CCHR Reviews a Year of Child Abuse Allegations Against Behavioral Institutions

As the year draws to an end, Citizens Commission on Human Rights International, a mental health industry watchdog, reviews the campaign that has raised awareness about the abuse of “troubled teens” in a behavioral and psychiatric industry that has put profit before patient welfare. During the past seven years, CCHR has sent tens of thousands of notifications about child abuse in America’s behavioral treatment system to state and federal legislators, including about restraint deaths and the need for legislative protections. Celebrities such as Paris Hilton, Paris Jackson, Kat Von D, and recently Collin Gosselin and “White Boy Summer” rapper Chet Hanks (son of Tom Hanks and Rita Wilson) have all spoken out about the trauma of being held against their will in behavioral facilities during their teens.

In February this year, The Private Equity Stakeholder Project report, “The Kids Are Not Alright: How Private Equity Profits Off of Behavioral Health Services for Vulnerable and At-Risk Youth, revealed how for-profit behavioral facilities had become a gravy train for investors in a $23 billion a year “child abuse” industry.[1]

Since Hilton spoke out in 2020 in her documentary, This is Paris, about being locked up, at age 16, in the Provo Canyon School behavioral facility in Utah, many others have warned of similar experiences. Recently, Chet Hanks, 32, revealed he was sent to a southern Utah “wilderness program” as a 17-year-old in 2008 to handle his addiction and behavioral issues. He detailed the harrowing experience, much the way that Paris Hilton has done. He believes his parents were manipulated as they had fame and money and he ended up staying longer than most other teens. He was forced to do “manual labor” in the remote wilderness.[2]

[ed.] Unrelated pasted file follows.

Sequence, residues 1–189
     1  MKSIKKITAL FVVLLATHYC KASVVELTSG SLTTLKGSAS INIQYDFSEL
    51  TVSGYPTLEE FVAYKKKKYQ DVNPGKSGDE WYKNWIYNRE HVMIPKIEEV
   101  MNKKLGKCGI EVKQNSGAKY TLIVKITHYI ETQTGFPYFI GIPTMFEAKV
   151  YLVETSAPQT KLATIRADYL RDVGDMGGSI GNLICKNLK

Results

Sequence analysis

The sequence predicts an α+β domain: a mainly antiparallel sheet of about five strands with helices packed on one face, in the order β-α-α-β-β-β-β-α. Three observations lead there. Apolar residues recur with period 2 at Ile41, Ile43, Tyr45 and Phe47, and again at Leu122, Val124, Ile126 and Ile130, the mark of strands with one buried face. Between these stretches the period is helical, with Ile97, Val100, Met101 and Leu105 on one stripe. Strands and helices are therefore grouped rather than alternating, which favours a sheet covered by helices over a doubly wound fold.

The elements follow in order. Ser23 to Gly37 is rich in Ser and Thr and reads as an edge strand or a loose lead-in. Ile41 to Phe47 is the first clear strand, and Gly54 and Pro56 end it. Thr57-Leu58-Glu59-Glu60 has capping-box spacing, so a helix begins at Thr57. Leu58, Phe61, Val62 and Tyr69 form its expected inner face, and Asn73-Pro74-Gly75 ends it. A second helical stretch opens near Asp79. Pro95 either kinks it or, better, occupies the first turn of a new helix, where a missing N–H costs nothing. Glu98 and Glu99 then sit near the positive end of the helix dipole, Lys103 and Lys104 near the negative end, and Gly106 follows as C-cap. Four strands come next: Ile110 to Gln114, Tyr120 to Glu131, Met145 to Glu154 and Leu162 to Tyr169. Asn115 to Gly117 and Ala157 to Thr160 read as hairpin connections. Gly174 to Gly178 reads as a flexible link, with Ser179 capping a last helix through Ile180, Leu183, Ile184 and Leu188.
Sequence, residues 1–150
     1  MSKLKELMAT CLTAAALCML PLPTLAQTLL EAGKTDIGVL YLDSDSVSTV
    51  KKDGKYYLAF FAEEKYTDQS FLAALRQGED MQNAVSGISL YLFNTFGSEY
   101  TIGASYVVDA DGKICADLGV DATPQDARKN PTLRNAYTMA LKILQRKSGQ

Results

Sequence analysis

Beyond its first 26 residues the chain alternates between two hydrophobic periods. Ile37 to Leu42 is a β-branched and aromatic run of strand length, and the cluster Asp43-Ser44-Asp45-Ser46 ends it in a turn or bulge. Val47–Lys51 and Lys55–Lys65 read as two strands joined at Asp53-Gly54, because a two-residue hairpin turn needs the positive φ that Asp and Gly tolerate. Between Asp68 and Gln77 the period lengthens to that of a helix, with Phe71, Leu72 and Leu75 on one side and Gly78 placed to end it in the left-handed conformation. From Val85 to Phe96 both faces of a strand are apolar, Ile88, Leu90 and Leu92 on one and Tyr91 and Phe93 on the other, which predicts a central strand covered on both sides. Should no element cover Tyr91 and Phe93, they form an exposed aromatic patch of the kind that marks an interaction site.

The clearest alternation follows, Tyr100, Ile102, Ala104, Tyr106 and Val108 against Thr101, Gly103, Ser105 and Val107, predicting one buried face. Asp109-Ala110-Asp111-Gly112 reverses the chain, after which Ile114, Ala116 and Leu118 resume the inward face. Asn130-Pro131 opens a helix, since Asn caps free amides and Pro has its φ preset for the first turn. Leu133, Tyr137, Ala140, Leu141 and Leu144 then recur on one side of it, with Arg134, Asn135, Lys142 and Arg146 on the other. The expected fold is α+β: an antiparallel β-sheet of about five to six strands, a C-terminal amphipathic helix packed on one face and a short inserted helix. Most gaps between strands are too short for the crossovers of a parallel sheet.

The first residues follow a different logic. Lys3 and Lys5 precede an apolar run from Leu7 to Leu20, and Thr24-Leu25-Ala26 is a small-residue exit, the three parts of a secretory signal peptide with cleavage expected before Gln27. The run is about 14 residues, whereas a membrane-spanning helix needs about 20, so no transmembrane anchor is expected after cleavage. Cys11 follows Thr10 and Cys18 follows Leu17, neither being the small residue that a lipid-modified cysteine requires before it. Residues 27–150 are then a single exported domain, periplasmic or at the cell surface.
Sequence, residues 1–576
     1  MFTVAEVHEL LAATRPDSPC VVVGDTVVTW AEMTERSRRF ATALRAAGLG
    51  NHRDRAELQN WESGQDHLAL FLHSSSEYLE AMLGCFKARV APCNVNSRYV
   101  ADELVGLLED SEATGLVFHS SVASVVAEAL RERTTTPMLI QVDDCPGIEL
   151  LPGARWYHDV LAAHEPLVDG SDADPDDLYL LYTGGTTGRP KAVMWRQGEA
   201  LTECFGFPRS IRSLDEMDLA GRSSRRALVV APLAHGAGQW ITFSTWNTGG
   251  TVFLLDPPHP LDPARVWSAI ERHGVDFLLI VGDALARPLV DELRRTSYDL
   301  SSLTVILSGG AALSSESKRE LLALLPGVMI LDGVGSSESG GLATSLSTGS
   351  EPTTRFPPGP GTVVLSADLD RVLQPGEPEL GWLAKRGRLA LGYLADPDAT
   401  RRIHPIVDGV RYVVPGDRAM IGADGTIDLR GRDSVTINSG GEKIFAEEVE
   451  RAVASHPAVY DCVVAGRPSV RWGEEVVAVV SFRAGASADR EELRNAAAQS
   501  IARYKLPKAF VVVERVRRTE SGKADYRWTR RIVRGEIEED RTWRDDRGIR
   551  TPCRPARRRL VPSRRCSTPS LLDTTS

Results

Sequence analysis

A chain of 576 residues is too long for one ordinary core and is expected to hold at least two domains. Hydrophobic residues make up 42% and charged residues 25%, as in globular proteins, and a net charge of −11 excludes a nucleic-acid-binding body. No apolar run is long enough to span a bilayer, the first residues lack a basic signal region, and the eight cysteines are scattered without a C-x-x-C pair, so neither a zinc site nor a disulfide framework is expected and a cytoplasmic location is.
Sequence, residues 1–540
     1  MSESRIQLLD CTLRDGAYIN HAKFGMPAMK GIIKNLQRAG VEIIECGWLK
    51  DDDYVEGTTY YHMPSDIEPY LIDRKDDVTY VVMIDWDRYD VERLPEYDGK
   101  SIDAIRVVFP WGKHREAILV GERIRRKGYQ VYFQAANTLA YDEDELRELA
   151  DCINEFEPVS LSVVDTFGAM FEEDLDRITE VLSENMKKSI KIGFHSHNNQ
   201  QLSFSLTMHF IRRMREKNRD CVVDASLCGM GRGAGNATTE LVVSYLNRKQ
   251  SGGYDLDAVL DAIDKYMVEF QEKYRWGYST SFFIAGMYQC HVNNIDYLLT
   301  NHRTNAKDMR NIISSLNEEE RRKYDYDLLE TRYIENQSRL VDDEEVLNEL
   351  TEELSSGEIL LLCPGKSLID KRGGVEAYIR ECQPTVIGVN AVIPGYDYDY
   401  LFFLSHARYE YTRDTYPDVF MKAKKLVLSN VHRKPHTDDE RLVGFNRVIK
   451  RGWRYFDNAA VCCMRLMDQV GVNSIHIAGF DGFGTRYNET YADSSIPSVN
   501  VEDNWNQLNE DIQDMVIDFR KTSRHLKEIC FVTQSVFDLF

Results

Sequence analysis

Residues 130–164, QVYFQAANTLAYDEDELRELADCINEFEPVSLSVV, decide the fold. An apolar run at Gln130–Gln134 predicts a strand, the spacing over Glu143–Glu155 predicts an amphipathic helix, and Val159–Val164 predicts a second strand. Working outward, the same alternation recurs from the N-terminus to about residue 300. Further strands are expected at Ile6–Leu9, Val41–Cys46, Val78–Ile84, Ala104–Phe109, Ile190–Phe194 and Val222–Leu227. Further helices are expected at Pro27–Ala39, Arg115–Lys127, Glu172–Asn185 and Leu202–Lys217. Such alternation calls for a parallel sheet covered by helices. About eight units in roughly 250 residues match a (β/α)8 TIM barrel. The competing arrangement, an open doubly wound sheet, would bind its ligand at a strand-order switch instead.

His parents would have been unaware of an October 2007 Government Accountability Office (GAO) report that found restraint deaths and other abuses in youth behavioral facilities.[3]

Collin Gosselin, 18, from the reality TV show Jon and Kate Plus 8 also opened up about his experience in an institution owned by a for-profit behavioral facility company that his mother–then divorced from Jon–forcibly sent him to at age 12 believing it would deal with his behavioral issues.[4] The institution was a “scary place,” Collin said, “I think being in a place like that does more damage than it helps you.” His father ultimately removed the teen from the hospital after the boy begged for help in a 2017 letter.[5]

Both celebrities were lucky to survive the controversial “troubled teen” programs. Collin says he now concentrates on a positive future. Chet said his parents have always supported him and he has now found peace in solitude and has strengthened his relationship with God.

But the abuses in these types of “troubled teen” facilities and psychiatric hospitals continue to this day. On December 1, 2022, NewsChannel 5 Investigates in Tennessee reported the case of two teenage girls who died from overdosing on over-the-counter medication while at an Oak Plains behavioral facility. The girls gained access to a nurse’s station to take the drug, and fell unconscious, dying shortly afterward.[6]